Talent retention is one of the most significant challenges for both professional service firms as well as corporates. For professional service firms, the inability to retain talent poses a threat to their entire business model – it is that serious! Retaining talent is underpinned by a generational difference that simply means a departure from the ‘norm’ as defined by the Boomer generation – those currently ‘in charge’ and who have traditionally established the rules of the game. The reality is that by the age of 30, 72% of graduates are no longer working in their field of qualification. This one statistic alone epitomises the shift that has taken place in the approach to how best to build your career. The consequences of this in-built change or DNA shift across generations, is playing havoc with retention strategies. Daniel Pink (in his Ted Talk and book Drive) makes the telling point that if we want compliance, then our current management thinking and practices work very well; however if it is engagement that we desire, we will need to rethink how we approach and do things.
Talent attraction and retention are about engagement. It will require us to rethink both our ‘theory’ / approach and our practice.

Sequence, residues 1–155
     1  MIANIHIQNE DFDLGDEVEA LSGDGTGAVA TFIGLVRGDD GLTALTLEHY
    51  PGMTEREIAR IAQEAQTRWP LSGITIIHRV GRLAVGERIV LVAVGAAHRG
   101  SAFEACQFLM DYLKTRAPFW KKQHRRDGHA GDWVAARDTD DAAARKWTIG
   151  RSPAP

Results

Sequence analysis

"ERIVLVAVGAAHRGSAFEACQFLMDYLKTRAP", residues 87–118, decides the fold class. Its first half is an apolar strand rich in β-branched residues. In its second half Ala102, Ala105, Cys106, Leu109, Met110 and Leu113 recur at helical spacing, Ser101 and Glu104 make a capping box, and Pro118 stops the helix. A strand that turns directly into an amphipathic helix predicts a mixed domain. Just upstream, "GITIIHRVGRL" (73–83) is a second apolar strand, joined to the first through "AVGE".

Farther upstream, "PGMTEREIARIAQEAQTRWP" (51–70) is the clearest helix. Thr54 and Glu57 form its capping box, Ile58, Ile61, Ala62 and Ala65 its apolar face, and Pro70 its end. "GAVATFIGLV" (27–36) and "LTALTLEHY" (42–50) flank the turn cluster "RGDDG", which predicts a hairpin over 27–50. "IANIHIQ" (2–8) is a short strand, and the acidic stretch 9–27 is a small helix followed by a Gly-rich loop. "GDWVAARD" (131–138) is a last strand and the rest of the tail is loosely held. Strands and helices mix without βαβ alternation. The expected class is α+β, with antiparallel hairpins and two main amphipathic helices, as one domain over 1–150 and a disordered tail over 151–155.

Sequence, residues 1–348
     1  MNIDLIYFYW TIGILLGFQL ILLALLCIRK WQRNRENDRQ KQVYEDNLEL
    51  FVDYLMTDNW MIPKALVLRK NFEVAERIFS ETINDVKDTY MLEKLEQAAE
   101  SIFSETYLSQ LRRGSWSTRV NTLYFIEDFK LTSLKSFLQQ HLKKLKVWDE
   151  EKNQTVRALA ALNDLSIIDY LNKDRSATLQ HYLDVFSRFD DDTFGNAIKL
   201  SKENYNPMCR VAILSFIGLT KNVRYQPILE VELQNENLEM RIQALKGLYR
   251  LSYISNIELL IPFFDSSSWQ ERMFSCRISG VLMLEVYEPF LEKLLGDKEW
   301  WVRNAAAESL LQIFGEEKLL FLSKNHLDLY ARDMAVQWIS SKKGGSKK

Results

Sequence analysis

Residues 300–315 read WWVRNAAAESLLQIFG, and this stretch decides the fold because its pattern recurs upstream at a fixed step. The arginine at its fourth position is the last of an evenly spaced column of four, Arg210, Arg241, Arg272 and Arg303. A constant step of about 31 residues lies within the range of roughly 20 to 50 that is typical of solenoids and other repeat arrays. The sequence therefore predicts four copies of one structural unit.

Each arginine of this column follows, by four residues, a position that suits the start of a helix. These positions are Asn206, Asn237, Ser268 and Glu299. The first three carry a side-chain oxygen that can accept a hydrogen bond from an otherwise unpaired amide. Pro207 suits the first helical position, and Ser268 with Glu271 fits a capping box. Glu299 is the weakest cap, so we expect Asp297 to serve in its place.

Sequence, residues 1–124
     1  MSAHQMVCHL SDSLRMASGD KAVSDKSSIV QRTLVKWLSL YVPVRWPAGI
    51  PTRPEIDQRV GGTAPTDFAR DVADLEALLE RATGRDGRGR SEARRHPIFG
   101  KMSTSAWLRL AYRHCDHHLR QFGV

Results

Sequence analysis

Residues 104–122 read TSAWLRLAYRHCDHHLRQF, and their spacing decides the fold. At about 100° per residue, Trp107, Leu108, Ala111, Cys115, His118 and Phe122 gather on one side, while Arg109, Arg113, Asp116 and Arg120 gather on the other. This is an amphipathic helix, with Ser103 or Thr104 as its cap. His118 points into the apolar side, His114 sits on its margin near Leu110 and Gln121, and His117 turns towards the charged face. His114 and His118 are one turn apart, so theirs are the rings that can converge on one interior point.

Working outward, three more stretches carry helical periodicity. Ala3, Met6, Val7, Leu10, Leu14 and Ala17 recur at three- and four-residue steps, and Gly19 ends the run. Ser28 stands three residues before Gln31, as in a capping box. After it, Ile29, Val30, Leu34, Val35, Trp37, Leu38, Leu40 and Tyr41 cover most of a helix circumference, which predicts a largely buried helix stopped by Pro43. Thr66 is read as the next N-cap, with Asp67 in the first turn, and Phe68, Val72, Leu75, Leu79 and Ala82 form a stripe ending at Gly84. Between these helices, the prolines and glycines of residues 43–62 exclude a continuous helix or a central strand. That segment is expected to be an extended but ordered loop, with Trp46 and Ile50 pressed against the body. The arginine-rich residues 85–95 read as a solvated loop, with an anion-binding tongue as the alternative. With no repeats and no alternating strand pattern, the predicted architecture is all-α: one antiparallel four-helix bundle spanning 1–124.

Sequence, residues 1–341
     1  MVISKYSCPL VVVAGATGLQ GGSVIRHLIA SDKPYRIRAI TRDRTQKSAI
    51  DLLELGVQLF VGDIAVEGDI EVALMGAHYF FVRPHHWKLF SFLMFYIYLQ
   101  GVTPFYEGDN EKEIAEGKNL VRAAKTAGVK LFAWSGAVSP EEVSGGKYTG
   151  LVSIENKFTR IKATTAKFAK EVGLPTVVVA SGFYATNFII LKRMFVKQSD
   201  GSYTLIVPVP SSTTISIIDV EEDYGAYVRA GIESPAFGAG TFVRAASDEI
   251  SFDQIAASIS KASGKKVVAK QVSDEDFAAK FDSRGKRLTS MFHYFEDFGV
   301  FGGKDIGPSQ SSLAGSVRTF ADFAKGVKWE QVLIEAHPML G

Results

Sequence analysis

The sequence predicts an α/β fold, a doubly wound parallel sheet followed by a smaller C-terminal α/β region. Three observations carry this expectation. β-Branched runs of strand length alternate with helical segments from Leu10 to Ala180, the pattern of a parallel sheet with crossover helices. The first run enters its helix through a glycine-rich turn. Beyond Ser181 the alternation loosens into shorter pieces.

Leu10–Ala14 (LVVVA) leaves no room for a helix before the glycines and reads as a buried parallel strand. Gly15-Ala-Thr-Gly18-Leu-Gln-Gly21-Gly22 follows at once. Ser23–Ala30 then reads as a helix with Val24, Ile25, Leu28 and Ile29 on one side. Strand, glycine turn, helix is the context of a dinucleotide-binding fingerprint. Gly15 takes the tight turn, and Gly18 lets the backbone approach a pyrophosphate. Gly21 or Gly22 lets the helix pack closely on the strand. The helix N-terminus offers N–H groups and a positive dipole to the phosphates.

The harsh reality is we don’t have a choice.
Engaging in the twin-challenges of diversity and talent is simply not optional if we wish to not merely survive, but rather thrive, in the future. How we do this will always be context specific and will differ from professional service firms to corporates – but perhaps not as much as we might initially think. They are challenges that although have their unique features, are inextricably intertwined. They will require courageous leadership where the willingness to ask the hard – or the unasked questions, challenge assumptions and the status quo, learn, unlearn and relearn, together with an ability to look beyond the now. It will mean acknowledging that the ‘old rules’ simply no longer work – or work as well as they used to – it will require acknowledging that ‘our world’ is not ‘the world’. This is all easier said (or written) than done!
Indra Nooyi, CEO of PepsiCo put it best when she said, “It takes great courage to live in the moment and look beyond it at the same time”.
Ignore these twin-challenges at your peril. It doesn’t matter how impregnable you believe your profession or institution to be – we all know the fate that befell the ‘unsinkable’ Titanic. You have been warned.